Hypertension

Of all the illnesses that make up cardiovascular diseases (CVD)—such as heart attack, stroke, angina pectoris, atherosclerosis, and arteriosclerosis—high blood pressure, also known as hypertension, is the most common. It is also a condition about which many North Americans are complacent.

This is a riddle. Hypertension may be common, and we may not worry about it, but it can be deadly. Hypertension can result in serious conditions such as kidney disease to traumatic and often tragic events such as stroke, heart attack, and even death.

So why the laid-back attitude? Do we just not care? It may be because of how hypertension “works.” It is quiet—there is no evidence of the disease until it has progressed to the point at which a crisis occurs. Its treatment is not without a physical cost—much of the medication used for hypertension has uncomfortable and troubling side effects. Nor is its treatment of short duration—hypertension therapy is generally lifelong.

However, treatment does not have to be uncomfortable—hypertension can be lowered through three things that have no negative side effects (and actually have positive side effects); three things for which you may not have to pay extra because you use them as a matter of course; and three things that you may actually enjoy. These three things are diet, supplements, and exercise.

The DASH (Dietary Approaches to Stop Hypertension) diet is low in
total fat, saturated fat, and cholesterol; rich in fruits, vegetables, and fiber; and
contains small amounts of nonfat dairy products and meat, fish, poultry, or nuts.
Hypertensive volunteers who followed this diet for eight weeks saw a significant reduction
in blood pressure—the same reduction as experienced with some drug therapies. The Harvard
Health Letter (January 1998) notes that this diet “significantly and quickly
lowered blood pressure in hypertensive participants … .”

One nutrient that may contribute much to the DASH diet is potassium. In the
clinical trials for the DASH diet, subjects received 4,700 mg (4.7 g) of potassium per
day; the control subjects received only 1,700 mg (1.7 g) per day. Indeed, the U.S.
National Heart, Lung, and Blood Institute (NHLBI) recommends consuming 3,500 mg (3.5 g) of
potassium a day. The best sources of this are foods such as orange juice, bananas,
potatoes, prunes, and yogurt.

Harry Preuss, M.D., has been studying garlic’s effect on
hypertension at Georgetown University Medical Center. Although he has been studying a
number of different garlic types, he has been particularly impressed with the Allium
ursinum species of garlic, which is also known as alpine wild garlic.

In an interview in conjunction with Dallas Clouatre, Ph.D., Dr. Preuss notes
that wild garlic “worked beautifully as far as blood pressure [is concerned]” in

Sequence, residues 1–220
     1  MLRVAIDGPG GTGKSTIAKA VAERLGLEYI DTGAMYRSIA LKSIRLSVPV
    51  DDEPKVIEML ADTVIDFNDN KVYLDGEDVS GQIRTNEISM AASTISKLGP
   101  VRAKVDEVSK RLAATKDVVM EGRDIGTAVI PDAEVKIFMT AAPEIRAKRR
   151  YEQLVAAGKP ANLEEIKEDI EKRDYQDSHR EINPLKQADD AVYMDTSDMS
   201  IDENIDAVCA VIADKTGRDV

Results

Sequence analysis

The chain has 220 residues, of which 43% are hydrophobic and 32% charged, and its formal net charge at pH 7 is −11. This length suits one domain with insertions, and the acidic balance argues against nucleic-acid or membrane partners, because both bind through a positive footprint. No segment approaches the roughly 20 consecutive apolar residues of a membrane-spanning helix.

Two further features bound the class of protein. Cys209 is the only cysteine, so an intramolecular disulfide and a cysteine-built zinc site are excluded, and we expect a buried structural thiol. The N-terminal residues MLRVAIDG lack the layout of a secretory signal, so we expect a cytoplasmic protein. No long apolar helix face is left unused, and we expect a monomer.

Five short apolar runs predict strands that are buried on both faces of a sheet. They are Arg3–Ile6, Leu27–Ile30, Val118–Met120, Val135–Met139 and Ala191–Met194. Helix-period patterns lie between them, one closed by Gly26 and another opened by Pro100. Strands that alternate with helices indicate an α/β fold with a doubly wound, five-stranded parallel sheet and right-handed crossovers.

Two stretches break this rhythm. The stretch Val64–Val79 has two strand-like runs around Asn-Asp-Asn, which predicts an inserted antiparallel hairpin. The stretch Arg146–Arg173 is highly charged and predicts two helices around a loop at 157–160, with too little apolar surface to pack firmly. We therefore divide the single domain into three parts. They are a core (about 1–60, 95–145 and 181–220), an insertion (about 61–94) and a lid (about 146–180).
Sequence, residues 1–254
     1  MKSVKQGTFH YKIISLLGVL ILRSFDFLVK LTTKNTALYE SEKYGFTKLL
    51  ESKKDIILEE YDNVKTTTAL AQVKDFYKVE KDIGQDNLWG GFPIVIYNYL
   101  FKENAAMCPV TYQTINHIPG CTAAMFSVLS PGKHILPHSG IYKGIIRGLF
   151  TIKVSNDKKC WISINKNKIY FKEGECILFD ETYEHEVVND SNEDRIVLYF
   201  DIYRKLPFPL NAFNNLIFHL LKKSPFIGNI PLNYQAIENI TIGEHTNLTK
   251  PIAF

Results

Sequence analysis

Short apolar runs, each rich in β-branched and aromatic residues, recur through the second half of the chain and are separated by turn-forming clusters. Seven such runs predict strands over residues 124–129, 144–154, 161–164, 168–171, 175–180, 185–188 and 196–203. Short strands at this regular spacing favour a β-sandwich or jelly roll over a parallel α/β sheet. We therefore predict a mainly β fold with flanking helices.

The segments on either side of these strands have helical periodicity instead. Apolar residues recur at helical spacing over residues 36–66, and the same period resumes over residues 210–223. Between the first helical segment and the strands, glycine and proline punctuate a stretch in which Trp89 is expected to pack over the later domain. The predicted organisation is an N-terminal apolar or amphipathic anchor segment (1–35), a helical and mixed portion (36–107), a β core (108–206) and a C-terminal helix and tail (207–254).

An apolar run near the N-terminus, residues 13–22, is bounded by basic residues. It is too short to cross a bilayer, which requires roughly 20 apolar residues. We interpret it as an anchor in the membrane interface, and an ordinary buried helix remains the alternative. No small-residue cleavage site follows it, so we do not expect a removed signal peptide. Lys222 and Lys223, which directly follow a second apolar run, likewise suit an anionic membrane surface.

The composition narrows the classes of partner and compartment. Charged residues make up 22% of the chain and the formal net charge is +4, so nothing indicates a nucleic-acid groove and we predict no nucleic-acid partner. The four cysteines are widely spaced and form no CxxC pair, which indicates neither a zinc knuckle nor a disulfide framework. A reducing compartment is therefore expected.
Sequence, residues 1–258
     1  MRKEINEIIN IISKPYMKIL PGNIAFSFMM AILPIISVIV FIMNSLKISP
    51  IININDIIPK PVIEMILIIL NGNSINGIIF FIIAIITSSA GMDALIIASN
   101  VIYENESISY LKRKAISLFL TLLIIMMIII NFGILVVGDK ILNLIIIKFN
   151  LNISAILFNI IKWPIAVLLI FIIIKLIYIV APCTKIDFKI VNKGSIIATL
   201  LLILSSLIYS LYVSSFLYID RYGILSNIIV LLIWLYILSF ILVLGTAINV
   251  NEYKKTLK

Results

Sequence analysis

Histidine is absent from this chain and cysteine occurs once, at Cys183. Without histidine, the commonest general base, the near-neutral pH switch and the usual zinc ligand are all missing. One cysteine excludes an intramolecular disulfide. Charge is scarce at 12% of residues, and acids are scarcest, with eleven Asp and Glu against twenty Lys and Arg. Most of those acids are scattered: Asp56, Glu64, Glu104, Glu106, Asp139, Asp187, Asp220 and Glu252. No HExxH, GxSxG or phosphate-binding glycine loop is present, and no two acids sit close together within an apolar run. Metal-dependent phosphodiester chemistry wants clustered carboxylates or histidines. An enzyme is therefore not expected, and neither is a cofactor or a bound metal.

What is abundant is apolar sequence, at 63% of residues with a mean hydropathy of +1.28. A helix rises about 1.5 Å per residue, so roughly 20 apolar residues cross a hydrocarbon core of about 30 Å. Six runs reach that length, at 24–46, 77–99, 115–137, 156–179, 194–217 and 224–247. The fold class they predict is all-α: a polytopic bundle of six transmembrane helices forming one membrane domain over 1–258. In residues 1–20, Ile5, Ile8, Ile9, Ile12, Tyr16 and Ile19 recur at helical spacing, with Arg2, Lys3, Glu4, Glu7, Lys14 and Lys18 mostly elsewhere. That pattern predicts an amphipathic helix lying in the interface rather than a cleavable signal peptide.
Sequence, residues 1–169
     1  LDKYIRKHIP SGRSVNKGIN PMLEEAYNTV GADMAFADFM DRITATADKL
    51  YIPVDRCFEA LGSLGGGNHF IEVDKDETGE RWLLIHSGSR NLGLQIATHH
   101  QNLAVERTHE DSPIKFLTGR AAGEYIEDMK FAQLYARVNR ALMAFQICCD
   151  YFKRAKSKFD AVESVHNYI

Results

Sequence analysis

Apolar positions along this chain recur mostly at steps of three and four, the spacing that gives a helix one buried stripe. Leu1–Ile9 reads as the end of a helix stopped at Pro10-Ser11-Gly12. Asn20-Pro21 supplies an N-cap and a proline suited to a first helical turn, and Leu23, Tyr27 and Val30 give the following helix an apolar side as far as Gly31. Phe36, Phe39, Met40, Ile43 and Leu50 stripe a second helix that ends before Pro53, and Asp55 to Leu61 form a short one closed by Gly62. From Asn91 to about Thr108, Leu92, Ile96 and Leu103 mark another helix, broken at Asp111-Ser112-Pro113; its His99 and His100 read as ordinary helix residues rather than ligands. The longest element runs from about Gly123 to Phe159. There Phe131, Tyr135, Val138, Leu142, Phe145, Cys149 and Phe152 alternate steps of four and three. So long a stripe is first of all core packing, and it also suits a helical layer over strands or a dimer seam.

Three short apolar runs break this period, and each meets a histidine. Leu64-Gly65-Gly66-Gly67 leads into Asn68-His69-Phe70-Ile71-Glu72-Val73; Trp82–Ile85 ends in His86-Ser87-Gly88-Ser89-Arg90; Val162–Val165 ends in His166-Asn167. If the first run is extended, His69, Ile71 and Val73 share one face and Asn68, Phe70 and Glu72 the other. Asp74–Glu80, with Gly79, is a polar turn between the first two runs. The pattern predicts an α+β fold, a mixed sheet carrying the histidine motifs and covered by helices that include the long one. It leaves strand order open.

rat models.

Drs. Preuss and Clouatre believe this is due to an ACE-inhibiting
property. Simply put, ACE is an enzyme that may lead to increased blood pressure. Rat
studies show that wild garlic inhibits this enzyme, resulting in lower blood pressure.
When Dr. Preuss measured angiotensin II, which causes blood vessels to contract (resulting
in greater pressure), he found that rats fed wild garlic had one-half of this substance
compared to control rats.

Dr. Preuss also found that wild garlic works on the nitric oxide system. An increase of
nitric oxide in blood vessels causes them to vasodialate—to expand. This, of course,
also helps to reduce blood pressure. The combination of ACE inhibition and nitric oxide
synthesis may be why alpine wild garlic works so well. As Dr. Preuss notes, “There
are medical reasons why wild garlic is reported to have this [antihypertensive]
effect.”

Finally, getting some form of exercise is beneficial—there is
ample evidence that weight loss and exercise positively affect blood pressure.

Richard D. More, M.D., Ph.D., writing in his book The High Blood
Pressure Solution, notes that in some studies, weight loss in the obese led to normal
blood pressure in three out of four people, and that no drugs were used. Moore also notes
that losing excess weight “has been reported to lower elevated blood pressure even
more effectively than drug treatment with beta blockers.”

Exercise alone, with no weight loss, also affects blood pressure. Moore again
reports that in one program 105 hypertensive patients undertook a walking program,
starting with walking one mile and working up to running two miles. One-hundred and one of
the 105 patients had significant drops in blood pressure, and 50 percent of those who had
been using antihypertensive therapy were able to discontinue their drug use.

If your “pressure is on,” take control of your health by working with
your health practitioner to develop a new lifestyle. A lifestyle that includes diet,
judicious supplementation, and exercise.

What
is high blood pressure?
Blood pressure is a
measure of the force of blood against the walls of the arteries. It is read with two
numbers, systolic and diastolic, which are often just referred to as “top and
bottom.” The top number, systolic, measures blood pressure when the heart is pumping
out blood. The bottom number, diastolic, measures blood pressure between heartbeats, that
is, when the heart is not pumping, but at rest.

The usual cause of high blood pressure is a persistent increase in resistance to
blood flow through the smaller branches of the arteries, which carry blood from the heart
throughout the body. Why this happens is unknown 95 percent of the time.

cellspacing=”5″ width=”95%”>
Blood Pressure
Systolic Diastolic
Optimal <120 <80
Increased risk 120-139 80-89
(Normal risk) (120-129) (80-84)
(High-normal risk) (130-139) (85-89)
High risk >140 >90

*If your systolic and diastolic pressures are in
different categories, your risk depends on the higher category.

 

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